Fine Art Retouching
Updated: Apr 22, 2020
For my fine art sessions, the editing process is quite extensive. For me, the most important part is to have an image that looks good straight out of camera and that has a lot of potential. While there are a lot of options to digitally manipulate and edit images, it's important to me that the overall photographic technique is as good as possible. In my heart, I am a photographer first and an editor second, and I love working with images that were shot correctly. Aside from that, it makes the editing process much easier of the RAW file is already looking good.
In camera while taking the portraits, I underexpose slightly for fine art sessions. After putting all the images from my session on my computer and running both a physical backup on two external hard drives and an online backup, it's time to edit! I open all my Raws ( unprocessed, straight out of camera images) in Lightroom.
From there, I make a series of adjustments.
My first steps are usually applying lens profile correction and slight overall sharpening. Then I decide if and how I want to crop the image and what image ratio I want to go with ( I always stick with printable image ratios, so that when it's time and you want a photographic print, there won't be any bad surprises). Next step in Lightroom is adjusting the overall white balance and tint, then possibly some minor exposure corrections.
After that, I open the image file in Photoshop (PS), which is where the magic happens. PS is a great tool, but when you're first starting out, it can be very intimidating. And there is not THE one way of doing portrait retouching in PS. There are so many different options and so many different ways to get to where you want to be. Once I have the image opened in Photoshop, I get started on skin retouching through Frequency Separation. This is a lengthy process but the results are very natural looking- I don''t like the look of skin that has lost all texture, and I am also not a fan of alien like looking skin. After I edit blemishes, redness, dark circles under the eyes, the occasional snotty nose and all of that fun stuff, I adjust localized redness on the skin and work on giving skin a beautiful glow. Then I touch up possible wrinkles on the backdrop ( I use fabric backdrop and/ or seamless paper, and with fabric, there usually are at least a few wrinkles that need to be taken out). After the background is cleaned up, I focus on other things that are distracting for me ( like in this image, there are a few wrinkles on the dress that I took out). Then I selective bring shadows up or down and the same with highlights. If needed, I change the hue/ saturation either overall or locally, do a possible split toning-that can be warming out the shadows or midtowns, etc). Then it's time for some dodging and burning ( where I locally accentuate parts of the image by brushing on darker and brighter tones- you can think of this as a way of doing digital contouring). For this particular image, I also worked on the model's hair a little bit, since my wind machine had blown a strand of hair up that was a tad bit distracting in the straight out of camera image) and in addition to that, I masked off the model and the chair she's sitting on and added a background texture to give the image an overall more painterly look. I adjusted the background texture's hue and saturation to compliment the chair and dress, selectively sharpened the model and voila, the image was done.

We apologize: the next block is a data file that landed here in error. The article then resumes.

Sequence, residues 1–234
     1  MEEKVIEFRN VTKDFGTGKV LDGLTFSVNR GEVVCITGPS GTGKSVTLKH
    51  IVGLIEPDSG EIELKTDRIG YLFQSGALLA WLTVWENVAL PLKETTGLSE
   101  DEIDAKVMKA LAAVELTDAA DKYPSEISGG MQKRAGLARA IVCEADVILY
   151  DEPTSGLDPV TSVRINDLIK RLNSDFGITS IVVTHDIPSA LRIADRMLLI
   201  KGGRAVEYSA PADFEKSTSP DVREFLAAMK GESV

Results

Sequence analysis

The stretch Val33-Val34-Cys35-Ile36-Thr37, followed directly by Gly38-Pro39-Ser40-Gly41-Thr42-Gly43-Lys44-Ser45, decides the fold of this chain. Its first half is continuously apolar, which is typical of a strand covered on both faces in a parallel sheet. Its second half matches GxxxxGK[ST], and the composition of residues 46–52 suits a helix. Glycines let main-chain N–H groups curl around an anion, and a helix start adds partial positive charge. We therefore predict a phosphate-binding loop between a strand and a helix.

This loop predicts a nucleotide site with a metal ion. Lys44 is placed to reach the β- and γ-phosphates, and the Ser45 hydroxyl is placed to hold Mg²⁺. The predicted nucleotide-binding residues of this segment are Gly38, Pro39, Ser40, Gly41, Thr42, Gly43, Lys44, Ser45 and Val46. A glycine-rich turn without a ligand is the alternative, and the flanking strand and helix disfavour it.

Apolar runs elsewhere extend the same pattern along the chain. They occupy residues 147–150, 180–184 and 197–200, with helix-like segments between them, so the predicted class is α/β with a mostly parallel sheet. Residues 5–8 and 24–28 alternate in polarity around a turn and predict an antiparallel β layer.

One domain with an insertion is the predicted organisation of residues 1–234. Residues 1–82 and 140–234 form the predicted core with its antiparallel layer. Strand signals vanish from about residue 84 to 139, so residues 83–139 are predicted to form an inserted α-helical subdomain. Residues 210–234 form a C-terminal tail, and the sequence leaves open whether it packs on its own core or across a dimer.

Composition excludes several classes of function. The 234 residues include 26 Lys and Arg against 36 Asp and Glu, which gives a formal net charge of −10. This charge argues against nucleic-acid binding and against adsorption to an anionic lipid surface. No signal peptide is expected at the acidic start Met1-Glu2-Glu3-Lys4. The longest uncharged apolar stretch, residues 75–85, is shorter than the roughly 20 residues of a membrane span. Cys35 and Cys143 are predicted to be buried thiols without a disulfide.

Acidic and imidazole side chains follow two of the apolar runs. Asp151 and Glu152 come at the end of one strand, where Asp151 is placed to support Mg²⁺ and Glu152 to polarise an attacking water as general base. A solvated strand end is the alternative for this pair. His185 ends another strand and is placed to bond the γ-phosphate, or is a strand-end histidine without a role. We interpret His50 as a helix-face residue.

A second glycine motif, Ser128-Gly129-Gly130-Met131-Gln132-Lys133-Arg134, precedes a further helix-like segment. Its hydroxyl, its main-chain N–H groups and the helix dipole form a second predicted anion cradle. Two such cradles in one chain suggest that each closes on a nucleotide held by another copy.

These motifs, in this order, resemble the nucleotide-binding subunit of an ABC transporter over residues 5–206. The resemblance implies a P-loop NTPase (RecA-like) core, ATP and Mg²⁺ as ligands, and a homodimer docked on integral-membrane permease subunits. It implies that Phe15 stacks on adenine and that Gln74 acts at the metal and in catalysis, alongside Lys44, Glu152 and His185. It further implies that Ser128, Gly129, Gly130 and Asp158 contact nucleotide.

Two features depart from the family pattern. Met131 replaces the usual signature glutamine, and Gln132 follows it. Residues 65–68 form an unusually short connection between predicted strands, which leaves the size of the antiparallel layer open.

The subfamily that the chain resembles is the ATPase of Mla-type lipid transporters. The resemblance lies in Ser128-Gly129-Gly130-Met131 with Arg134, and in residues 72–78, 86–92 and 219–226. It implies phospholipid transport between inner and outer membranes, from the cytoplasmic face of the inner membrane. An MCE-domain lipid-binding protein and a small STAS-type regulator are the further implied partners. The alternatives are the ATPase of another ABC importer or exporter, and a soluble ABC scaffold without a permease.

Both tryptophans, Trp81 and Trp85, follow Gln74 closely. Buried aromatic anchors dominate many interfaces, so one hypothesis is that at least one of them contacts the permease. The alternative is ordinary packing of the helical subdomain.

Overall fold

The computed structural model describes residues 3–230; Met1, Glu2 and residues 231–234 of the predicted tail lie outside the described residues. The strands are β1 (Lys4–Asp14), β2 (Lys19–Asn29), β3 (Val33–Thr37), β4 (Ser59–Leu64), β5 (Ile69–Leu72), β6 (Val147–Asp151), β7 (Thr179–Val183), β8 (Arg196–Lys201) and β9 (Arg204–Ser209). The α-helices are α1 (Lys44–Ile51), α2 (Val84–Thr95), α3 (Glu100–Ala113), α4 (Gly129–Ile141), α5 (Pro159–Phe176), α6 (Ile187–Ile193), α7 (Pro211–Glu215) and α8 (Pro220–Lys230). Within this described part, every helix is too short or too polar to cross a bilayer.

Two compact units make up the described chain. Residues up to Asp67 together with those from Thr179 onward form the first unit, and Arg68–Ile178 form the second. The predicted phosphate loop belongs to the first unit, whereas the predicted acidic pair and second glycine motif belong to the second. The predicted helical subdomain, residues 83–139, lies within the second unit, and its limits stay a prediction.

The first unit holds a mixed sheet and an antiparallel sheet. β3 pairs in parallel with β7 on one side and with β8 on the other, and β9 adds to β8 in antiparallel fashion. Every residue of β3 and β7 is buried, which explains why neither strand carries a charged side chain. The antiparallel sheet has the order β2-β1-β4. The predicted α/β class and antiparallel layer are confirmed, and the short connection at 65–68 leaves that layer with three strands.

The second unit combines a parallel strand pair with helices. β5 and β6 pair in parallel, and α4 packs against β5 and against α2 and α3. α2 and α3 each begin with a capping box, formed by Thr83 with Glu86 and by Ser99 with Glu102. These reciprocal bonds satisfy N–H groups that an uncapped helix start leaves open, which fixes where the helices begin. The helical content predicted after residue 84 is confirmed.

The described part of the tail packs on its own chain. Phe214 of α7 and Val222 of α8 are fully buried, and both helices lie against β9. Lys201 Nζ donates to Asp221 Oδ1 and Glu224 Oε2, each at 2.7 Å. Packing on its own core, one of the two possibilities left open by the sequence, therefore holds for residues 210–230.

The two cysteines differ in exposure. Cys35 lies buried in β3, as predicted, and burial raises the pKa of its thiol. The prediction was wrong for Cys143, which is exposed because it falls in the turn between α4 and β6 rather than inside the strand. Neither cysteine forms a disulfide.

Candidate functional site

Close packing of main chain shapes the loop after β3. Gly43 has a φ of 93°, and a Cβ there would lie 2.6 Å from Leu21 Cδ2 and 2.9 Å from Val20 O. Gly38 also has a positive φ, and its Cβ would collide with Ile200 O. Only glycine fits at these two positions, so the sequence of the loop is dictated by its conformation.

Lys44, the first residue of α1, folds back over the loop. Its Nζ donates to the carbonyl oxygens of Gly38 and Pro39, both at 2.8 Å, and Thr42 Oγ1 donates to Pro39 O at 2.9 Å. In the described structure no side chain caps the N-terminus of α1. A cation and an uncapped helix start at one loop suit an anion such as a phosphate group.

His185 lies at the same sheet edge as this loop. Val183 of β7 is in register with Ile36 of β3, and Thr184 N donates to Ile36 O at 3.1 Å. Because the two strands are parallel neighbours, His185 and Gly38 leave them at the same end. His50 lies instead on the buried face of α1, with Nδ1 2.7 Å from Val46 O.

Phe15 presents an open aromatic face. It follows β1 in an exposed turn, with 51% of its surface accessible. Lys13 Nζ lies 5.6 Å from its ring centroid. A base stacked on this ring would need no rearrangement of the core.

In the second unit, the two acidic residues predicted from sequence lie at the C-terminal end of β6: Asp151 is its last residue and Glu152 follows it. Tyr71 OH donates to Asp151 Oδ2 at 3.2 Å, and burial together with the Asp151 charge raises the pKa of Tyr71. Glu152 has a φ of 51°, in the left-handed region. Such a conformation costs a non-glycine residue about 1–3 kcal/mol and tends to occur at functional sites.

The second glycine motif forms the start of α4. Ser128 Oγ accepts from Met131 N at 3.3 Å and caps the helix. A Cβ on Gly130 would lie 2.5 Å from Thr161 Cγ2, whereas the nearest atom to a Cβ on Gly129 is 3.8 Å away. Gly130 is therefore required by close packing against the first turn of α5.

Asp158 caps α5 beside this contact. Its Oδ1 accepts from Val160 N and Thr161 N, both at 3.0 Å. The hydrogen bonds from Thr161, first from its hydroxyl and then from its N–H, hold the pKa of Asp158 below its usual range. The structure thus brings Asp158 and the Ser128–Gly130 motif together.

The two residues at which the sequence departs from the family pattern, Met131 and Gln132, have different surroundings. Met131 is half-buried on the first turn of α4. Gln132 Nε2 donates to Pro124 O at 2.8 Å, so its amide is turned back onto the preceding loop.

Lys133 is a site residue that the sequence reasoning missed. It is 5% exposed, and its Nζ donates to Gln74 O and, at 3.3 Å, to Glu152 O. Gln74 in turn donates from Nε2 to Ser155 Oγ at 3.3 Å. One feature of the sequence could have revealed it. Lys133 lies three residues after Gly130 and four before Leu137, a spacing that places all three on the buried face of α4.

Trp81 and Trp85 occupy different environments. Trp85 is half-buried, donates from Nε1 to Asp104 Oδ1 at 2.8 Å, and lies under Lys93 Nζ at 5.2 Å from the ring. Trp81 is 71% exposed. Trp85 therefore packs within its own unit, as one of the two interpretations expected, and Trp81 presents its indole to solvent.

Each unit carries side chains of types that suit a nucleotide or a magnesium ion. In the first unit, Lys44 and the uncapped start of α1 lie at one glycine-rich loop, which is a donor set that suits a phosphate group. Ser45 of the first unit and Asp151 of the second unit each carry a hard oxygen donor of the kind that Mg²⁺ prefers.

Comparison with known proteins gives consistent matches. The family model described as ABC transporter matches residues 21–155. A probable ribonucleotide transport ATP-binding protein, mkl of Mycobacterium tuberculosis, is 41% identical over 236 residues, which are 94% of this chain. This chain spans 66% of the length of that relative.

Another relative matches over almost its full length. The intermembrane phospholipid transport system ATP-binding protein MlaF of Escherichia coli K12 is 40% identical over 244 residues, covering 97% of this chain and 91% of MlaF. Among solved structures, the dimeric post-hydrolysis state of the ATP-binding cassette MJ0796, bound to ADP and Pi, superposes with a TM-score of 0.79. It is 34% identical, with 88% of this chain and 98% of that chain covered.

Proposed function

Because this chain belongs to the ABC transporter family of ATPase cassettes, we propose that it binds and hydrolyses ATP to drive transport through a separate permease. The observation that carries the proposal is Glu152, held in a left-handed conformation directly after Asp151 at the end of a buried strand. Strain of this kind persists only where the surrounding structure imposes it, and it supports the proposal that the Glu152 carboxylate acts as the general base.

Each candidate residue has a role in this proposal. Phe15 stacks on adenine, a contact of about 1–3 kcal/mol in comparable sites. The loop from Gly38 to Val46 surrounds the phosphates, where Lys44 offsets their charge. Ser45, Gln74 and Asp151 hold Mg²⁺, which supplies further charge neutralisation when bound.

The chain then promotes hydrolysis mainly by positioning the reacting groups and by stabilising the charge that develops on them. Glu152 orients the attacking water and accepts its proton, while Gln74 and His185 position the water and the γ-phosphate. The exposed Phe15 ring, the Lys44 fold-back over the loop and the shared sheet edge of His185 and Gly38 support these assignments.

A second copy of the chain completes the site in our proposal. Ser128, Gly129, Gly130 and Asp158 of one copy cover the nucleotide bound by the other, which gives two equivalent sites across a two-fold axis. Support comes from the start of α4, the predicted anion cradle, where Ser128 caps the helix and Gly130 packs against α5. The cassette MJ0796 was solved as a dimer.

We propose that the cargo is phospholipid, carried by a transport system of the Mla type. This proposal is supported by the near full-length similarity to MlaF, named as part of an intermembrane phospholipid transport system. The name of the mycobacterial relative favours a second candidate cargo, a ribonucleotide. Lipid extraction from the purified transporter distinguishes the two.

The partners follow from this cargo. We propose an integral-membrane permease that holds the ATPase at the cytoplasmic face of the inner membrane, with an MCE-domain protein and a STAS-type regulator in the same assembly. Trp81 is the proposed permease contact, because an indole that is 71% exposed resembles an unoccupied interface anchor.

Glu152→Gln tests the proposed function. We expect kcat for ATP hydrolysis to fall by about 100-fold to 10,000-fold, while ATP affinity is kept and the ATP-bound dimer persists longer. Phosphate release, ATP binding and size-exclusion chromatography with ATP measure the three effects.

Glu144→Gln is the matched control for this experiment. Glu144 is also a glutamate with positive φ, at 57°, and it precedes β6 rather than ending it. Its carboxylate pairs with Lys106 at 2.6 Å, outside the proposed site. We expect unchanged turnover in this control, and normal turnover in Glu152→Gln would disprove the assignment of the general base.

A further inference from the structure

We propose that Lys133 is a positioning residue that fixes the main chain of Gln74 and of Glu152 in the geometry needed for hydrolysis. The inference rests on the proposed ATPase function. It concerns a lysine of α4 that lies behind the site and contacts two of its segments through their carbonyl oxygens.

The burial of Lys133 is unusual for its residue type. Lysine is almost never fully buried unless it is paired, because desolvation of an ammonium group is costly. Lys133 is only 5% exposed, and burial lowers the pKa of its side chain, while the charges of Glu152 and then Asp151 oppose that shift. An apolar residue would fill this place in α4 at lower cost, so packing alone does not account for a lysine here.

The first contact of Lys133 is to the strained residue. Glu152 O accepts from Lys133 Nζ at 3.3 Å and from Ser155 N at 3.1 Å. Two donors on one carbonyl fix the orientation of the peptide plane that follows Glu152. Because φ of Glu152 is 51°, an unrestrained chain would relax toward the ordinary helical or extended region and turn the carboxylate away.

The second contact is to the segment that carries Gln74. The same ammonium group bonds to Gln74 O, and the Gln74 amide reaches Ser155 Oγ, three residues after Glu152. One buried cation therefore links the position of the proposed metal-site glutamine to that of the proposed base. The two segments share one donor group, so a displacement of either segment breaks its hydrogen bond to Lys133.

In this crop, you'll be able to get a good idea of the extensive retouching. The SOOC ( straight out of camera) image is already looking great, but side by side with the edit, you can definitely tell a big difference. I did my signature fine art skin retouch to even out her complexion and to smoothen the transition of shadows and highlights, I changed the more yellow hue of her dress towards orange, did some dodge and burn to accentuate her bone structure, added a brown background texture from the same color palette as her dress, did a very slight liquify to soften up her expression and applied some localized oil paint brush effect on her hair for a more painterly overall look.
All these images were taken at my photography studio in Cameron, NC. It's just a short drive from Pinehurst and Southern Pines and about 25 min away from Aberdeen. If you love what you see, feel free to get in touch with me so that we can start planning yours! As of right now, I am still not taking on any studio sessions, but we can always start planning! I have a variety of outfits for both boys and girls up to age 10 and a ton of different backdrops and props that I can always email you images of- that way, you can pick what you like! Before scheduling, I email you my fine art brochure, which has a lot more information about styling, setup. the booking process and all my different packages.